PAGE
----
According to GovTech…
The Rochester City Council and Rochester Public Utility (RPU) Board have each heard conceptual presentations from private companies about the possibility of adding broadband service as a utility. Phone and cable television services could be added, as well.
Peter Hogan, RPU director of corporate services, on Monday gave the city council an updated report on the costs for implementation and early looks at customer fees, should the city decide to pursue the concept. Hogan presented the information on behalf of Alcatel-Lucent, a private company that had compiled the research based on local information and meetings in December last year, Hogan said.
The report included a capital investment of about $53 million on the city’s behalf, a cost that would have to be issued in bonds, raising the total investment to near $67 million.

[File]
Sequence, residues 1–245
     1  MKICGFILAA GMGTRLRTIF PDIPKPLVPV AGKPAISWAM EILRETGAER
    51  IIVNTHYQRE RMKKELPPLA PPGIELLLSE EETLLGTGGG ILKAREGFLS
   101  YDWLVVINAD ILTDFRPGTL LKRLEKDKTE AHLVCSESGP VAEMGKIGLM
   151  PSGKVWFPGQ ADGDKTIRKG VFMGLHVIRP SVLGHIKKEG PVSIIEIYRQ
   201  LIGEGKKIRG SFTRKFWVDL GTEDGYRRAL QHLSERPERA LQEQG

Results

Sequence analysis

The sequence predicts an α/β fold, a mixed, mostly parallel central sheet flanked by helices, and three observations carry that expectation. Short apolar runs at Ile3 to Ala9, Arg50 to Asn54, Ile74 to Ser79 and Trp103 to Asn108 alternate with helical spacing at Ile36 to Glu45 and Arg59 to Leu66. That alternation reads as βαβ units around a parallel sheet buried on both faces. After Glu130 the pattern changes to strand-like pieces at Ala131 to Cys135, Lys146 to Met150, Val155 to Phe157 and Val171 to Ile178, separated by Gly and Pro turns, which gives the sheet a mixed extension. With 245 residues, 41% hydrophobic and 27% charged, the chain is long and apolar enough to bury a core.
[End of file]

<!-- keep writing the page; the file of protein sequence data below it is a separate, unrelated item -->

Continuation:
It’s nice to see the costs are manageable and there’s an option for low-income households…
Alcatel-Lucent’s assumptions were also based on the new public utility securing a 30 percent market share of internet customers. While a low-cost and lower service option would see customers pay about $10 per month for broadband internet service, the study showed about 58 percent of customers paying $50 or more per month for service.
What’s the next step?
Wojcik had contacted another municipality that he called a model example of public utility broadband, Longmont, Colo. He requested the council take three actions to move forward: ask city or RPU staff to work with Longmont staff to analyze similarities between the cities; fund the market study; and research any questions related to bonding for the capital costs.
Hogan estimated it would cost near $1 million to advance the city’s plans to the point of selling bonds, including the market study.
They are thinking about a market study first to determine interest.